Ex Parte Wilson, 33 F.2d 214 (E.D. Va. 1929)
May 14, 1929
District Court, E. D. Virginia.
R. J. McMillan, of San Antonio, Tex., for petitioner.
Paul W. Kear, U. S. Atty., of Norfolk, Va.
GRONER, District Judge.
Petitioner, Beverly E. Wilson, was formerly an ensign in the Navy stationed at Newport, R. I. On October 13, 1927, he left his post of duty without leave, and was not again heard of until February 18, 1929, when he was arrested and brought to the Naval Base at Hampton Roads, Va., where he has since been confined awaiting trial by court-martial for desertion from the Navy.
Acting on the recommendation of the Secretary of the Navy, the President, on January 26, 1928, directed that petitioner "be dropped from the rolls of the United States Navy from October 13, 1927."
The question for decision on this petition is whether an officer of the Navy who has been dropped from the rolls pursuant to article 36 (Art. Gov. of the Navy), because of unauthorized absence for a period of three months or more, may thereafter be tried by naval court-martial for such unauthorized absence, where the offense was committed within two years before the order for trial was made.
It was held by the Supreme Court in Carter v. McClaughry, 183 U.S. 365, at page 383, 22 S. Ct. 181, 46 L. Ed. 236, that, where jurisdiction has once attached, it cannot be divested by mere subsequent change of status, and that in such a case a trial and sentence are justified, though the person charged be not then in the service. But that was not the case here. More than a year elapsed between the date of the President's order dropping petitioner from the rolls of the Navy *215 and the commencement of the prosecution against him. The Carter Case is not therefore determinative of this.
It was stated at bar that the precise question here involved has never been judicially determined. On the other hand, it has been uniformly and consistently held by the administrative officers of the Army and Navy that a person separated from either service thereafter ceases to be amenable to military jurisdiction, and this practice has been approved by separate opinions of five Attorneys General Toucey (5 Op. Attys. Gen. 55), Cushing (8 Op. Attys. Gen. 328), Knox (24 Op. Attys. Gen. 570), and Palmer (31 Op. Attys. Gen. 520).
These opinions are largely based upon the recognition of the fact that a court martial under the laws of the United States is a court of special and limited jurisdiction. It has no jurisdiction beyond that given it by statute, and, since there is no statute giving it jurisdiction over persons not in the military service, it may not assume such jurisdiction either as a matter of convenience or public policy.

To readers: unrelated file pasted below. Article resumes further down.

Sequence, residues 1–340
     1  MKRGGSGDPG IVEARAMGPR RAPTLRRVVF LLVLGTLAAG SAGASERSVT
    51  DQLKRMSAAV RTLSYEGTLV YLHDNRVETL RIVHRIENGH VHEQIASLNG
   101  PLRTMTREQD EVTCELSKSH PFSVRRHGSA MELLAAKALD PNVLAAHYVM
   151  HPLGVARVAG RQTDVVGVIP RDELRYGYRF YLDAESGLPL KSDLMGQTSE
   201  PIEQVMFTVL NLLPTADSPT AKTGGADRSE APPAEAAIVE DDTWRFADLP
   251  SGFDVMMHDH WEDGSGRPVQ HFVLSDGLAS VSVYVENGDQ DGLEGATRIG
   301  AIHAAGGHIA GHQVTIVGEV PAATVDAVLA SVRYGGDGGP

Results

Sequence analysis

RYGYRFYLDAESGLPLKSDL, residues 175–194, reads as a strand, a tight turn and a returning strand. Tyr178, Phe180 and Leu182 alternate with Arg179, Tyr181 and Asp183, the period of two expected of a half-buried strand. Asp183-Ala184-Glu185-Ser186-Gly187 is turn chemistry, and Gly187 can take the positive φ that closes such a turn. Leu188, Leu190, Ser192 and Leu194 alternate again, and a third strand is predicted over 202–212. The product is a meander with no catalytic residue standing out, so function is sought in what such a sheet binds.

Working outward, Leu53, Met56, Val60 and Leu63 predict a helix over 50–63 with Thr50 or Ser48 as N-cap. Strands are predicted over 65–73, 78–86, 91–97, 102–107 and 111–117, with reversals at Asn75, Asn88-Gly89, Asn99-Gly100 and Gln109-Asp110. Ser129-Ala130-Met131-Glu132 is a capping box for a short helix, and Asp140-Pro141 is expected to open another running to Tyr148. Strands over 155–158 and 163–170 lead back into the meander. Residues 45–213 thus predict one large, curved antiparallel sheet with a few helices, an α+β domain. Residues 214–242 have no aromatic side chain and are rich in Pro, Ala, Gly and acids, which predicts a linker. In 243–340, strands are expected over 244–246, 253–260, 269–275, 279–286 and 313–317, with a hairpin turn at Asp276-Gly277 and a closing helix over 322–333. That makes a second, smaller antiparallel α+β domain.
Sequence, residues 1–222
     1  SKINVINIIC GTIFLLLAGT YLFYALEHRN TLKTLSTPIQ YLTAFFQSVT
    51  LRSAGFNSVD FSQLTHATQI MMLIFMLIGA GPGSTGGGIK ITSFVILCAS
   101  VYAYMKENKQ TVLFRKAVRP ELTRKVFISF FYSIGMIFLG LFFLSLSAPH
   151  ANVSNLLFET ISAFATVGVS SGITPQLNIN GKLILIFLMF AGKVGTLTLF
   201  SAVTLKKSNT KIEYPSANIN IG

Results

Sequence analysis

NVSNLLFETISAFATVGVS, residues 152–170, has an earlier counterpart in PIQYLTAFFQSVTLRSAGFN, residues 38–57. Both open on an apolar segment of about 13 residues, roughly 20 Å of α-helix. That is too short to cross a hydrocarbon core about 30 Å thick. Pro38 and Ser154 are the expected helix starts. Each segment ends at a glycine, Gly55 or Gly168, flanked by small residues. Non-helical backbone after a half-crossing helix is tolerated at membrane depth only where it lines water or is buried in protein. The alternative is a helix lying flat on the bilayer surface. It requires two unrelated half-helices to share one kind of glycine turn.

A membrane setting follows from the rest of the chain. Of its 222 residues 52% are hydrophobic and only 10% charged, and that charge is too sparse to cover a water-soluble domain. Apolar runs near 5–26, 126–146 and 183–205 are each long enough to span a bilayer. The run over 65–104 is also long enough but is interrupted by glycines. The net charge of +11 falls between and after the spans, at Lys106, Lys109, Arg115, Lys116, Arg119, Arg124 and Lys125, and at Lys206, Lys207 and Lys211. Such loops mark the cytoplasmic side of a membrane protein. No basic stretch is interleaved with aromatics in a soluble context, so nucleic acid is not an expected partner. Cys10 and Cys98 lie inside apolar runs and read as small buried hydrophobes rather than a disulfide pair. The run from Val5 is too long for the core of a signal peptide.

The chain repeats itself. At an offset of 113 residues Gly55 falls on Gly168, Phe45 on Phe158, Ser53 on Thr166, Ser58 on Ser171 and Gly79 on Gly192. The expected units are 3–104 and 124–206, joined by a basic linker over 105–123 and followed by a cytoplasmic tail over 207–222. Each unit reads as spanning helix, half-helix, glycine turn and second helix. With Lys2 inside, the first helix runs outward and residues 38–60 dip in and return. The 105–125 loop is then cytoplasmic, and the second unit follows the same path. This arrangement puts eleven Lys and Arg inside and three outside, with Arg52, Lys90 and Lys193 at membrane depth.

The subject is discussed fully and interestingly by Attorney General Palmer in his opinion to the Secretary of Navy, supra.
Since the opinion of Attorney General Palmer, the succeeding Attorney General (March 20, 1923) has advised the Secretary of the Navy that jurisdiction exists to try an enlisted man for desertion after the expiration of the term for which he was enlisted, and to the same effect is the opinion of Judge Garvin in Ex Parte Clark (D. C.) 271 F. 533; and upon the very reasonable ground that, when the offense is the same, the punishment should be measured by the same yardstick, the government now insists upon the applicability of this rule in the case of an officer, but the weakness of the argument grows out of the fact that, in the case of desertion by an enlisted man, no action is taken by the proper authorities of the Army or the Navy to terminate his contract of service. While his desertion continues, he is neither discharged nor dropped from the rolls, and therefore continues subject to military discipline because still, in a limited degree at least, in the military service. And even in those cases in which his term of enlistment has expired, his status with relation to offenses committed while in the service remains unchanged, for the obvious reason that, while not required to serve after the expiration of his enlistment, he is still in the service until formally separated from it by discharge or dismissal. Equally obviously after the happening of either of these events, he is no longer subject to the jurisdiction of military tribunals for offenses committed while in the service, and is, in such a case, in like position to an officer whose tenure of office has been terminated by law.
That the act of the President in causing petitioner to be dropped from the rolls is a final and conclusive determination of his status in the naval establishment cannot be doubted. The language of the act under which the action was taken is clear and convincing. It not only grants the power, but provides that, when exercised, the officer so dropped shall never again be eligible for re-appointment. Not only is his present relationship to the Navy terminated, but the ban against him continues so long as he may live. Under such circumstances, to say that, though he is dropped, he is not dismissed, is a play on words, but, whether dropped or dismissed, he is out of the service, and his place filled by another, and the person so dropped has become by virtue of that fact a civilian, and as such may appeal to the civil courts for relief from arrest and trial by a Navy court-martial.
The petitioner will be discharged, but, the United States desiring to appeal, bail in the sum of $2,500, with surety to be approved by the court, will be required, conditioned as is usual in such cases.